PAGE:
Friday, August 28, 2009

Taking Bethel Woods: Celebrating Woodstock’s 40th Anniversary - Part 2

In addition to the opening of their Woodstock museum, the Bethel Woods Center for the Arts is celebrating Woodstock’s anniversary with a series of concerts in their outdoor pavilion all summer long. Various artists who performed at Woodstock have been making the trek back throughout the summer, in addition to newer acts who want to celebrate the freedom and love of music that the Woodstock festival stood for. And somehow, out of all the concerts on offer this summer, I wound up seeing quite possibly the most bizarre one: The Boston Pops with special guest…Arlo Guthrie. Because when I think of a large symphony orchestra, I naturally make the connection to folk singer Arlo Guthrie.

The grounds of Bethel Woods are gorgeous and immaculately maintained, leaving you to merely imagine the amount of filth and debris that were left behind after the Woodstock festival. To get to the pavilion, you have to walk a long, winding path through their field, which is lined with various vendor stands and places to eat. The gates to the grounds aren’t opened until an hour before show time, which is a bit of annoyance when it’s a nice day and you’d like to wander around, take some photographs, and enjoy a meal before your concert. But evidently this is all done in the name of reducing the amount of litter and keeping the grounds maintained.

The pavilion itself is covered with a roof, but open on the sides, so you feel like you’re at an outdoor concert, while still being protected from the elements (which is fortunate considering it poured rain during the Pops/Guthrie show). The seating is comfortable enough for outdoor seats—better than a baseball stadium, worse than an actual theater—and while there are three different tiers, all at different prices, you get a pretty clear view of the stage from any seat. Then there is lawn seating available in the field behind the tiered seats, which offers no roof covering, and the brining of your own food and lawn chairs is prohibited, which seems to sort of defeat the point of getting lawn seats.

The Boston Pops performed a series of pieces from noted American composers, primarily Aaron Copland and George Gershwin. It was no surprise that their performances were fantastic, but I was a bit disappointed in their somewhat uninspired choices of compositions. I understand that a big part of the Woodstock anniversary celebration is to also celebrate all things American, so I have no problem in having a lineup of works solely by American artists, but there could have been some more creative choices made. From the Copland repertoire, both “Hoe-Down” and “Simple Gifts” were performed, which are his best known and most overused pieces (even if you think you don’t know them, trust me; if you heard them, you’d recognize them). From Gershwin they performed “An American in Paris,” which is a beautiful piece of music, but after “Rhapsody in Blue” is probably his most recognized piece. I suppose the Pops are trying to cater to their audience by offering music they’re familiar with, but I would have liked to have seen (or heard, rather) a few less traditional tunes thrown into the mix.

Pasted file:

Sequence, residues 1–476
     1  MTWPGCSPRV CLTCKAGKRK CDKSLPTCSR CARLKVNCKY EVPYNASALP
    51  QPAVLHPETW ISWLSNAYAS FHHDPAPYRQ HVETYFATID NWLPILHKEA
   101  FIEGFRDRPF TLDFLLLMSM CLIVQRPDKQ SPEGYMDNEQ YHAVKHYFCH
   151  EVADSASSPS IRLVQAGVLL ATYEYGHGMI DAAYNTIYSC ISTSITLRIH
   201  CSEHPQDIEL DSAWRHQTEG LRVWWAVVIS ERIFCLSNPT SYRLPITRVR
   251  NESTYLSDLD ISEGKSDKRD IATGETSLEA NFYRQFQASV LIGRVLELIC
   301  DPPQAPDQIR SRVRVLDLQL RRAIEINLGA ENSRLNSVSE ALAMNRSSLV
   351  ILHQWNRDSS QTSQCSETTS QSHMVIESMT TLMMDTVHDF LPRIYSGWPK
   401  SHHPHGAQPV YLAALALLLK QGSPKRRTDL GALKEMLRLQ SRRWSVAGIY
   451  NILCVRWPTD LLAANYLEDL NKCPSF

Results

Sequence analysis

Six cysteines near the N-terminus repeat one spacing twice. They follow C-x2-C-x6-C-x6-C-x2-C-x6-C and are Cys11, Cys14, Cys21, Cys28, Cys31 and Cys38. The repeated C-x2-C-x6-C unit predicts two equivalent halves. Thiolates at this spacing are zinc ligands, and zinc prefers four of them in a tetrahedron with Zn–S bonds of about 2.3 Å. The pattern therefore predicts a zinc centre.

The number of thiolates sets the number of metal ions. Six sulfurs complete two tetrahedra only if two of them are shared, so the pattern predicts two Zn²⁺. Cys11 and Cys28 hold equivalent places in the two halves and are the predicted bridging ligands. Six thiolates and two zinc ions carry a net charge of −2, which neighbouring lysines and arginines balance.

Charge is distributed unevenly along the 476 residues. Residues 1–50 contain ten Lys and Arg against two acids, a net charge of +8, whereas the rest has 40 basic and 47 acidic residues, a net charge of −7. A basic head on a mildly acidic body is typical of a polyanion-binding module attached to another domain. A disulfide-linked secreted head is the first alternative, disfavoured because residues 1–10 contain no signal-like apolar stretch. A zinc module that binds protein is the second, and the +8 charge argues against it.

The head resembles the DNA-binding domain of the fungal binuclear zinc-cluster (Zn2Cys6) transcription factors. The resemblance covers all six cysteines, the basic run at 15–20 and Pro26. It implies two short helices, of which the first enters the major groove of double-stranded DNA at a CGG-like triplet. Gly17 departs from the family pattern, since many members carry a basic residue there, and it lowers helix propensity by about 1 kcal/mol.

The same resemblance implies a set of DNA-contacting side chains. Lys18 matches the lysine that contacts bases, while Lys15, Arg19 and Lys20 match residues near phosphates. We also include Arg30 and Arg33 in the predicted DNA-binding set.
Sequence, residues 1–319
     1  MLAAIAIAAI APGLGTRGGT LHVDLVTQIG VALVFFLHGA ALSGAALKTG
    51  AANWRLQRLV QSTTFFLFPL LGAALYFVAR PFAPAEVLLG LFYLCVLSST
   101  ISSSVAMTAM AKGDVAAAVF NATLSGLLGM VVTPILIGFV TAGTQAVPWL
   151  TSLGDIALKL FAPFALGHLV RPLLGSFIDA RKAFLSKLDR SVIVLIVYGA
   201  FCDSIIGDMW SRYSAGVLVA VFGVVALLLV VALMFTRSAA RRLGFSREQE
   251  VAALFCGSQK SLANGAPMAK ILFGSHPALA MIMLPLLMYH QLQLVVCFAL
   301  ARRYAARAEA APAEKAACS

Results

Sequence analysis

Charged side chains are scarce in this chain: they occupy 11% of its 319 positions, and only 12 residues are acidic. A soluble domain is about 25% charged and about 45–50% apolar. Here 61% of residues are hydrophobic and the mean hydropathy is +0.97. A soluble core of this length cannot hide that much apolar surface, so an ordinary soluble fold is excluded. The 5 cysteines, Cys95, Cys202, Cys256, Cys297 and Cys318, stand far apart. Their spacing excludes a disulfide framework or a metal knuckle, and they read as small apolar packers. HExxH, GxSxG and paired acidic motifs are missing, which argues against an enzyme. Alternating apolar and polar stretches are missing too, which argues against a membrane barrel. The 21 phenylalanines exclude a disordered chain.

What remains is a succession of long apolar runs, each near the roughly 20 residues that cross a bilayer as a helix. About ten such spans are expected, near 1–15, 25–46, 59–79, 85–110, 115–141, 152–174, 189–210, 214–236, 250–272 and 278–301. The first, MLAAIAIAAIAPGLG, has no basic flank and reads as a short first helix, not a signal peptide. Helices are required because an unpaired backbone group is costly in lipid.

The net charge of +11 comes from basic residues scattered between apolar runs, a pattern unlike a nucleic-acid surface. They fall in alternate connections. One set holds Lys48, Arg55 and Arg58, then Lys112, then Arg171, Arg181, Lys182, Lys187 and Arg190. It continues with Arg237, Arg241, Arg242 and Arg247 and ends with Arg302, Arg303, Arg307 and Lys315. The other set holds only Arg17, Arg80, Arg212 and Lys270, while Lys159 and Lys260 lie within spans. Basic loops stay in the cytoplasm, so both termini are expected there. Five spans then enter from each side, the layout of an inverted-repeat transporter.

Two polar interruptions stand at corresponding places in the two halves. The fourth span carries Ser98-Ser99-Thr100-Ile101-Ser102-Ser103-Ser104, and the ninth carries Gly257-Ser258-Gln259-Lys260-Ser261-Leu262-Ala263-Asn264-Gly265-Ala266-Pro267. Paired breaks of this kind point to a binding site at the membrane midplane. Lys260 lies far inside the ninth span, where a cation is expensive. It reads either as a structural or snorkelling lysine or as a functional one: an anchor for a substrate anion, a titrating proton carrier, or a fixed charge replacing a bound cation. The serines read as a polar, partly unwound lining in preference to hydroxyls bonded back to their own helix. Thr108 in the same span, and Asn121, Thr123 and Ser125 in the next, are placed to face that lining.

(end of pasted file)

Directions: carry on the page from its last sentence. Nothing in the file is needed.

And then there’s Arlo… I admit, I am not an Arlo Guthrie fan, but mainly because I’m just not that familiar with his work, not because I actually dislike him. I know “Alice’s Restaurant” is his most familiar song, though he didn’t perform it. He stuck to mostly morose, ballad-type songs, since he had the Boston Pops playing back up, and those songs just naturally lend themselves to an orchestra. While he sang, Guthrie would either strum on his guitar or play the piano (he would alternate based on the songs he chose), and would often take time in between number to talk and joke with the audience. On more than one occasion he accused himself of being a less than excellent singer, which I would have to agree with. While there’s no doubt he is musically talented, his voice lends itself more to the talk-singing protest songs of the ‘60s rather than any of the true melodies he performed. He only performed two tunes I recognized, “City of New Orleans” and “This Land Is Your Land” (written by his father, Woody Guthrie), and the entire audience gladly granted his request to sing along on those numbers. But the highlight of his performance was when he stopped in the middle of a song, distracted by his train of thought, and proceeded to tell a stream of consciousness (and hilariously paraphrased) story of Joseph (as in the Bible) and his brothers and how it is possible for one person to make a huge difference in the world. I left the concert with no doubt that the man is a skilled musician and entertainer, but it might be best to leave the actual singing to those who can.

Check out my entire photo collection of the Bethel Woods Center for the Arts.

1 comment:

  1. I'm not surprised about the selections: the Pops focuses on the lighter works that everyone knows, leaving the BSO to handle the more challenging material.